This year’s curation promises ten World Premieres, eight International Premieres in competition, two International Premieres out-of-competition, with twenty Debut films. The First Feature selection will be a clear gateway into the youthful insights of rising talents across Europe and the world, under PÖFF’s curated supervision, which always strives for the highest artistic standards. Among the films that catch my attention is controversial documentarian Zuzana Piussi’s debut fiction feature, The Unbalanced, a socio-political tragicomedy following a tormented divorcee ; the Croatian minimalistic Pelican, set in a single location, a spa hotel, which hosts a series of unlikely characters facing their respective crises ; the somber historical drama The Land Within, which depicts the exhumation and examination of the contents of a Balkan mass-grave ; the Norwegian family drama Storm, which sets in motion a mysterious plot surrounding the death of a child ; the out-of-competition debut Phi 1.618, a genre-blender with brutalist and punk elements ; but undoubtedly,PÖFF will hold many surprises that one cannot predict.

First Features – in competition:

  • Amar Colony (Siddharth Chauhan)
  • The Unbalanced (Zuzana Piussi)
  • Pelican (Filip Heraković)
  • The Accident (Bruno Carboni; pictured at the top of this article)
  • The Land Within (Fisnik Maxville);
  • The Man Without Guilt (Ivan Gergolet);
  • Parade (Titas Laucius);
  • Upon Entry (Juan Sebastián Vázquez and Alejandro Rojo);
  • The Other Widow, Ma’ayan Rypp
  • Amusia (Marescotti Ruspoli);
  • Klokkenluider (Neil Maskell);
  • The Hatcher (Grzegorz Molda);
  • Punch (Welby Ings);
  • Everybody Wants to Be Loved (Katharina Woll);
  • Double Life (Enen Yo);
  • Until Branches Bend (Sophie Jarvis);
  • The Other Child (Kim Jin-young); and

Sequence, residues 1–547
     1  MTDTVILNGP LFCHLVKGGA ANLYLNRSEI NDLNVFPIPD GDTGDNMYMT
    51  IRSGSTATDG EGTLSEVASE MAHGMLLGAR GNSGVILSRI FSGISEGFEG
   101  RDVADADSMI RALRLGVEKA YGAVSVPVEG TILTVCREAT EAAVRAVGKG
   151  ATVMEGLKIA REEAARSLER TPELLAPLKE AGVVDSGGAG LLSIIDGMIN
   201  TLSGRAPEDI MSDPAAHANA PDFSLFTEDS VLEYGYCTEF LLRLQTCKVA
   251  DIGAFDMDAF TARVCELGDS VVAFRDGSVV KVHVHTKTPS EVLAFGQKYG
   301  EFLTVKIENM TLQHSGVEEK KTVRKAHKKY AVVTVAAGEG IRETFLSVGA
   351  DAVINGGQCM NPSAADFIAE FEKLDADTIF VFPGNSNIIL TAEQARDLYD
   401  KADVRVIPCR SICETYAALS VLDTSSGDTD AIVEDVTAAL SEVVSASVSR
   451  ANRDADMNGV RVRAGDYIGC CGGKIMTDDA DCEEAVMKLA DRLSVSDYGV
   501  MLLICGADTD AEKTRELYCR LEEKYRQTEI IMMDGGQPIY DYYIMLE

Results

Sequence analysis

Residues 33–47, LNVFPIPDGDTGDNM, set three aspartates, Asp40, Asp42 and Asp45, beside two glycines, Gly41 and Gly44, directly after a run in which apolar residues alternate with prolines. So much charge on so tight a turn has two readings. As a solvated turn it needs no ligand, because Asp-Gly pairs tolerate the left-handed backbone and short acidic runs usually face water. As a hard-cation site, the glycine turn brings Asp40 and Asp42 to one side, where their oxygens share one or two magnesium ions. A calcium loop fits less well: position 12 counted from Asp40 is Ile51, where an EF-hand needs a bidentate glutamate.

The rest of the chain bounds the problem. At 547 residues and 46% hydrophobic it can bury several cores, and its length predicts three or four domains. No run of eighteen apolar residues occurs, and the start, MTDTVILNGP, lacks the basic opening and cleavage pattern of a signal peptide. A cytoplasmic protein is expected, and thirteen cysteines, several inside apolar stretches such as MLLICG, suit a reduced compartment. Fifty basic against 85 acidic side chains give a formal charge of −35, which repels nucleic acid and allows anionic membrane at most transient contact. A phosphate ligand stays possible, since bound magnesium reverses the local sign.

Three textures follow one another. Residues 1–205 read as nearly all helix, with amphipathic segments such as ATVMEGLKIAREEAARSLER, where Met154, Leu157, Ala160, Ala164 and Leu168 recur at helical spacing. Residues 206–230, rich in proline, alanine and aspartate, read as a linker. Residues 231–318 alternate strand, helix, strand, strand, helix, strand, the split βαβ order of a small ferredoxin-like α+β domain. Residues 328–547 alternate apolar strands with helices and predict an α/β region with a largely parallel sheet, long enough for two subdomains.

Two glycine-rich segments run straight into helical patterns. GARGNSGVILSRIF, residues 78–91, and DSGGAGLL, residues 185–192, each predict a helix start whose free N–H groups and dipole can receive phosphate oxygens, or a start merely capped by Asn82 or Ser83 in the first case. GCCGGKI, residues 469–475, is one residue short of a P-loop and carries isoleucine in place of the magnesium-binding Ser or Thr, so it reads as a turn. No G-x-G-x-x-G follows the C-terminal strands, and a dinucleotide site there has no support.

• Storm (Erika Calmeyer).

First Features: Out-of-competition

  • Phi 1.618 (Theodore Ushev); and
  • Barren (Vardi).

Make sure to keep checking our website from the 11th to the 27th of November for up-to-date reviews and articles from the Black Nights.


By Liván García-Duquesne - 21-10-2022

Livan Garcia-Duquesne is a UK-based French-Spanish filmmaker and writer. He holds an MPhil in Film & Screen Studies from the University of Cambridge and his academic work has been centred around t...

DMovies Poll

Are the Oscars dirty enough for DMovies?

View Results

Loading ... Loading ...

Most Read

Forget Friday the 13th, Paranormal Activity and the [Read More...]
Just a few years back, finding a film [Read More...]
A lot of British people would rather forget [Read More...]
Sexual diversity is at the very heart of [Read More...]
Pigs might fly. And so Brexit might happen. [Read More...]
Films quotes are very powerful not just because [Read More...]

Read More

The Top 10 hottest summer movies

 

DMovies' team - 17-07-2024

We have picked 10 dirty movies bursting with beauty and passion, as well as pain and anger, all of them taking place under the unforgiving summer sun [Read More...]

Our dirty questions to Gabriel Mayo

 

Paul Risker - 16-07-2024

Paul Risker interviews the director of A Weird Kind of Beautiful, a very dark drama about friendship; they talk about single location stories, the pandemic, improvisation, misogyny, and much more - read our exclusive interview [Read More...]

Cinema’s dirtiest anti-heroes: the characters you love to hate

 

Paola Christensen - 15-07-2024

Paola Christensen investigates the complex psychology of the most equally reviled and cherished characters in the history of cinema, and concludes that the line between good and evil is wafer-thin [Read More...]